Saturday, August 11, 2018

Three years' work in three hours: the effect of the Internet on genealogy

This morning I had a dramatic demonstration of the effect of the Internet on genealogical research when I accomplished in three hours what would have taken three years or more 30 years ago.

Someone asked me about an Arthur Knight James, who married my wife's second cousin twice removed, Lilla Ethel Green, in Cape Town in the 1920s. He deserted her and they were divorced after two years, no kids, so I wasn't planning to follow him up. But then I thought why not see what I can find.

My correspondent had sent me his date of birth (1896), and those of his siblings somewhere in the UK, said they came to South Africa early last century.

I went to FamilySearch, and there he was in the 1901 Census, with a sister and both parents. It gives father's year and place of birth, so I find father living with his parents in an earlier census. Find there are three duplicates of the family on FamilySearch, so make a few more checks and merge them. Then come back to the mother. She died in 1906 in Pretoria. FamilySearch has her death notice. It gives the address of her parents, J & E Knight. Her husband has filled in the death notice, under children has written "Nil". He lies. There were at least two, as shown by the 1901 census.

I find her parents at the address given in the death notice -- in the 1911 census. The mother has died, but father is there, with another daughter and a granddaughter, Alice James, a third child to add to the "Nil" on the death notice. Why did her dad lie about her existence?

All that, as I said, took about three hours.

Thirty years ago, to accomplish the same thing, I would have had to travel 65km to Joburg, to the LDS library, where I would have had to pay R25 to order the relevant microfilm from Salt Lake City (assuming I knew which one to order). Then wait three months for it to arrive, and travel back to Joburg to consult it, and scrolling through it to find the record I was looking for might well have taken more than three hours.

And having done that, repeat the whole process for the next film -- pay R25, wait three months, drive 130 km to consult it, and so on the the next film, and the next and the next.

And thirty years ago, when we had to do all that, we thought we had it good.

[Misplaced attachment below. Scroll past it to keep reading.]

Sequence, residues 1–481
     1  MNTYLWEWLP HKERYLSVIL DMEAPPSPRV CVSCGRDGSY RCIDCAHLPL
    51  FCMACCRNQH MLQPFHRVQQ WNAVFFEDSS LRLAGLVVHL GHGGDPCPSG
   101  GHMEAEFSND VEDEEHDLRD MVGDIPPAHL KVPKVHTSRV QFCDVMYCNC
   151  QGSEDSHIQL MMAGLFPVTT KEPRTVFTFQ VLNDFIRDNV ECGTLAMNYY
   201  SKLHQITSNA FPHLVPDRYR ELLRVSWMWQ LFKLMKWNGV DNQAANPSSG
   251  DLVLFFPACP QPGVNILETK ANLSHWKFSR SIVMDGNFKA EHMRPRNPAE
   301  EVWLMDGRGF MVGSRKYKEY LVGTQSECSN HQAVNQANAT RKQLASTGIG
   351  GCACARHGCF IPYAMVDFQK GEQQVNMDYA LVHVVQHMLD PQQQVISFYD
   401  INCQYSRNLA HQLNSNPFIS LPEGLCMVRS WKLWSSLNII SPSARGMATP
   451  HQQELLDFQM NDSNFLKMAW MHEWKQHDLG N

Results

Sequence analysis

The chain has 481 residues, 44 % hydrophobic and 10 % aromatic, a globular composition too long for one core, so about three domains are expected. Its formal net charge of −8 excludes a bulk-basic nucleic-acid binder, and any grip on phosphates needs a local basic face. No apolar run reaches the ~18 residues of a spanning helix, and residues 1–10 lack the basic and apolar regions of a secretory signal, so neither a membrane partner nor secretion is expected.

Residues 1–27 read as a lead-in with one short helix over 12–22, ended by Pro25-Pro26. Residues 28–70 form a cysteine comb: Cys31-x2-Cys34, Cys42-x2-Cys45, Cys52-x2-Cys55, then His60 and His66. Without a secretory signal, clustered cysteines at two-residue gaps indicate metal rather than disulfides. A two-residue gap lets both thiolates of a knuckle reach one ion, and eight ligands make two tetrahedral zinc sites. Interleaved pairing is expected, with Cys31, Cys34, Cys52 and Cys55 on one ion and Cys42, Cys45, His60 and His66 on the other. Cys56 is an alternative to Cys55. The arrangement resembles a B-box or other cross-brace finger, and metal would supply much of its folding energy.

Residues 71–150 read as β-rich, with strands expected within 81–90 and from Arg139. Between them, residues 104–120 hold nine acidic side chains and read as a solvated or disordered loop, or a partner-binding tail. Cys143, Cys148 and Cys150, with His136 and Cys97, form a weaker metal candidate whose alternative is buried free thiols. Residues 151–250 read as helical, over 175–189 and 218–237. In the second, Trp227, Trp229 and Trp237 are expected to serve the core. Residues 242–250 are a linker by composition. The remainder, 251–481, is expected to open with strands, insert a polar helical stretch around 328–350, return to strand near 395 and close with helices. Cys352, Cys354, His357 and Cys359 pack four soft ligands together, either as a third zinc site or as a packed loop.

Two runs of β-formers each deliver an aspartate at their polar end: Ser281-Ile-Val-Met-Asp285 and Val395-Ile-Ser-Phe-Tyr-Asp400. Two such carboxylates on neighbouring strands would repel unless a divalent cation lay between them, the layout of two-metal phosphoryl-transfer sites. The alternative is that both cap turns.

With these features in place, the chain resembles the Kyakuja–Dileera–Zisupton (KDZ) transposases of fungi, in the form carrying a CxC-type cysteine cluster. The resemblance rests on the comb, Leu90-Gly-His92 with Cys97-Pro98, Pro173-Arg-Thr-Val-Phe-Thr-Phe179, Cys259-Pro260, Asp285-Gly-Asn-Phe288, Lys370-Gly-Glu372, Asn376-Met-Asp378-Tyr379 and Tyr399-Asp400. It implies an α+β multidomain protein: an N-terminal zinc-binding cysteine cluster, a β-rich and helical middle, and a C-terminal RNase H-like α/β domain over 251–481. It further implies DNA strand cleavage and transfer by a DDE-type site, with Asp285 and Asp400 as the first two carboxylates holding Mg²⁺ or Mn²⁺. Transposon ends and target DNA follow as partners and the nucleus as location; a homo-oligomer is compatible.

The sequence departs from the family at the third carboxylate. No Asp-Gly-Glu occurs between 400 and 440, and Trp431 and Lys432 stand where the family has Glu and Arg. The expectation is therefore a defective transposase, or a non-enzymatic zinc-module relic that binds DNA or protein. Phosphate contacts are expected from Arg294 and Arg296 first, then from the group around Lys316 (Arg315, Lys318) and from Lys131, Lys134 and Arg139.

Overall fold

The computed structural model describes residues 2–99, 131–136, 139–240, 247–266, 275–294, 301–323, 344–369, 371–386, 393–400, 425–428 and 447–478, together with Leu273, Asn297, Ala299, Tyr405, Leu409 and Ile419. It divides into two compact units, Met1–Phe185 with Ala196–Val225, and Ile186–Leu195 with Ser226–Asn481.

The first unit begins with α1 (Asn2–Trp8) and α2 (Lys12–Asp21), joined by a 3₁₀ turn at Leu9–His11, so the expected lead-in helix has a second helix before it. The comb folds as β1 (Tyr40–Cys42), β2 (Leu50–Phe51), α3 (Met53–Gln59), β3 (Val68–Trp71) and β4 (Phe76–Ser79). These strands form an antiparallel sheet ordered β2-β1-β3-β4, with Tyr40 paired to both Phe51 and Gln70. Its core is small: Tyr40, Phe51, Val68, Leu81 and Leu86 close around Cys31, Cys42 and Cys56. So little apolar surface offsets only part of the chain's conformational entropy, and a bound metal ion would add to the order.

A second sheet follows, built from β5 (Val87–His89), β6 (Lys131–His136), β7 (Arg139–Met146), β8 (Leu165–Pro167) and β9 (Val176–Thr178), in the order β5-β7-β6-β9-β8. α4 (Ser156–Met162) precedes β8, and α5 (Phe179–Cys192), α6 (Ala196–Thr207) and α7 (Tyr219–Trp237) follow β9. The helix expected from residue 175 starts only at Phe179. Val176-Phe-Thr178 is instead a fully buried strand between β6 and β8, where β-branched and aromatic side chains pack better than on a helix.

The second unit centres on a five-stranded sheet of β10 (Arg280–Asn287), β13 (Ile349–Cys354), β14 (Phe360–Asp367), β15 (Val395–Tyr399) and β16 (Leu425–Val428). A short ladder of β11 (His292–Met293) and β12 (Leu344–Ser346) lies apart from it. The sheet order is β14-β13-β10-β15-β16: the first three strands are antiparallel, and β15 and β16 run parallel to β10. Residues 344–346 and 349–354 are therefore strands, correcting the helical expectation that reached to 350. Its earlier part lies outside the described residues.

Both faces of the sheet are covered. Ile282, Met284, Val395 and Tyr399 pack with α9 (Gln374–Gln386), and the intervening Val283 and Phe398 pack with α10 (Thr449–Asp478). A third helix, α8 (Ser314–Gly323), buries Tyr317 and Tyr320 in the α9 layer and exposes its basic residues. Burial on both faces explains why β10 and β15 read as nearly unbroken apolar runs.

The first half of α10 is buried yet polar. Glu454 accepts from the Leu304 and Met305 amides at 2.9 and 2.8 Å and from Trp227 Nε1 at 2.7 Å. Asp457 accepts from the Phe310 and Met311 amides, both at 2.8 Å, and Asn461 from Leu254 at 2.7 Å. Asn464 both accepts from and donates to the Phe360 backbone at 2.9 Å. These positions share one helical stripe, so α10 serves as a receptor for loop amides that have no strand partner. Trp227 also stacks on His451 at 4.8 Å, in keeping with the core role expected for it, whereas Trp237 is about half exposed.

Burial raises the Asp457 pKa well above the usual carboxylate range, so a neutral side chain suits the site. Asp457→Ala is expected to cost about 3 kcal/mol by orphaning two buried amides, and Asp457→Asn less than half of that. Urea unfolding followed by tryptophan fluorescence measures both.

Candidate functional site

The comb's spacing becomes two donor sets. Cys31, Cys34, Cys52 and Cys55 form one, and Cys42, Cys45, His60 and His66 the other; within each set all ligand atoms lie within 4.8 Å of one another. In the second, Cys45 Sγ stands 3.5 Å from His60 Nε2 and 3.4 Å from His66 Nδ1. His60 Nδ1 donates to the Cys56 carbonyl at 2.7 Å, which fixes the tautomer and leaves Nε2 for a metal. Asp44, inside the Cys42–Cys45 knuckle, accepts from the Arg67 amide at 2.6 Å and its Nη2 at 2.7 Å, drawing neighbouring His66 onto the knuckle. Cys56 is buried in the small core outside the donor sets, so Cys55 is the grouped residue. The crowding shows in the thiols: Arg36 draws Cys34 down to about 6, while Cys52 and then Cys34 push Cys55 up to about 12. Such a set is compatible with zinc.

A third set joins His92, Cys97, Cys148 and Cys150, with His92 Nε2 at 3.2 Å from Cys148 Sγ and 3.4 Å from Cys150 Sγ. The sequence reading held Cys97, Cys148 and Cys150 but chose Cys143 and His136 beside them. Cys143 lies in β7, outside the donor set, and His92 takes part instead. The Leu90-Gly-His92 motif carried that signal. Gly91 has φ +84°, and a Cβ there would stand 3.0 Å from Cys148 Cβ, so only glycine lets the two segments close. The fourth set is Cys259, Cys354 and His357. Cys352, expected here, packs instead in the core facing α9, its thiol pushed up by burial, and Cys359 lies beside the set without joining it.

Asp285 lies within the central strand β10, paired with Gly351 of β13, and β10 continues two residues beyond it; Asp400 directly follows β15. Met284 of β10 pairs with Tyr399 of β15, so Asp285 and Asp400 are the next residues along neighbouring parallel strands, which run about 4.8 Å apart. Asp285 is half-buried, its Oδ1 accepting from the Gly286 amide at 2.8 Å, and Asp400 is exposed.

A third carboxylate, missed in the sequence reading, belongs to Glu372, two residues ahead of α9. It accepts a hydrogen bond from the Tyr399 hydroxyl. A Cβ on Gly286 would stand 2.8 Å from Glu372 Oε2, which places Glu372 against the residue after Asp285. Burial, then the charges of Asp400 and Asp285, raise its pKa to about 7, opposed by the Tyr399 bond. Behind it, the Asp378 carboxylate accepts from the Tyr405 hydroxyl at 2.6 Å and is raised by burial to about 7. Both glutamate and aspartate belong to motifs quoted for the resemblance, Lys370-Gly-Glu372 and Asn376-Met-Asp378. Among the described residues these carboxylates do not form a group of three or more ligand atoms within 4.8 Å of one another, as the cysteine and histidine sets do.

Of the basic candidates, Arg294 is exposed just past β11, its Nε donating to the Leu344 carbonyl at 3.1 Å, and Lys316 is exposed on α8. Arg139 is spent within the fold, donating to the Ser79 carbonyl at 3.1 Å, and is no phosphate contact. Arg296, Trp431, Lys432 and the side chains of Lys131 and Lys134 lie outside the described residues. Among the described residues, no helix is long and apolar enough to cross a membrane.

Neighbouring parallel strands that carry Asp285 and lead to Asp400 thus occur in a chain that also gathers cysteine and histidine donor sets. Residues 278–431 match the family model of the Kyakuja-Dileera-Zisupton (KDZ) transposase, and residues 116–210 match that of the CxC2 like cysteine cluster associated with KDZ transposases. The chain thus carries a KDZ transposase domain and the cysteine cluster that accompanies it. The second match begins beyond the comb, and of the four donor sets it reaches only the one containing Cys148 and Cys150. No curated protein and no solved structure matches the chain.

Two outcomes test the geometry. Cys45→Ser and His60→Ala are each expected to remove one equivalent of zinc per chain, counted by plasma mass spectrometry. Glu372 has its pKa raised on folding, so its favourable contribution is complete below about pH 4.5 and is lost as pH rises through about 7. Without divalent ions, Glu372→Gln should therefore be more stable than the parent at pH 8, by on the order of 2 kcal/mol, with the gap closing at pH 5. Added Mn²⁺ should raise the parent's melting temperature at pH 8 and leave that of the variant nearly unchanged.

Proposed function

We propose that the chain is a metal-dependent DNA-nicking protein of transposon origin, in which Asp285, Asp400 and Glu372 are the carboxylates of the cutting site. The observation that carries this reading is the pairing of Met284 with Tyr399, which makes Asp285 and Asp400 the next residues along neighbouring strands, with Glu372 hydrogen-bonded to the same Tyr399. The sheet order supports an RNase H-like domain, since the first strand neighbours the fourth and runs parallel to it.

Go back another 30 years before that, and consulting the 1901 census would have required a 6000 mile flight to London and a visit to the Public Record Office in Portugal Street or somewhere. Oh wait! Back in 1958 the 1901 Census was not available for consultation. Come to think of it, it wasn't in 1988 either.

No, our search back then would have begun and ended in a dank and dingy dungeon under the Palace of Justice in Church Square, where we would have had to go to consult the death notice of Annie Knight James in those days, rather than the air-conditioned reading room of the National Archives of today.


So when you complain that FamilySearch is offline, or the Naairs computer is responding slowly today, just be thankful for resources like FamilySearch, Naairs and FreeBMD, which enabled me to do three years' work in three hours this morning.

Monday, May 21, 2018

This Clever Google Search Tactic Will Help You Find Your Ancestors on Any Genealogy Website

Here's a useful til for Google searches, but it might work with other search engines as well: This Clever Google Search Tactic Will Help You Find Your Ancestors on Any Genealogy Website:
To start making use of this technique choose a genealogy site that you would like to search the contents of and enter “site:” and the URL (minus the https:// part) into google. Then add your search terms. Here is what it will look like. site:www.url.com your search terms.
Check the whole article for fuller information.

Monday, April 16, 2018

FamilySearch comes of age

In the last couple of years FamilySearch has completely changed the way I do my genealogy research. I now spend most of my research time comparing records in FamilySearch with what I already have, and reconstituting families from FamilySearch data.

It wasn't always like this.

FamilySearch has had its ups and down over the years, and sometimes useful features have been withdrawn and not replaced for some time. There are remnants of that in a poll in the sidebar of this blog. One useful feature recently withdrawn was the "Search Results", which I hope returns before long.

But what makes FamilySearch more useful now is its integration with programs like RootsMagic and Legacy Family Tree.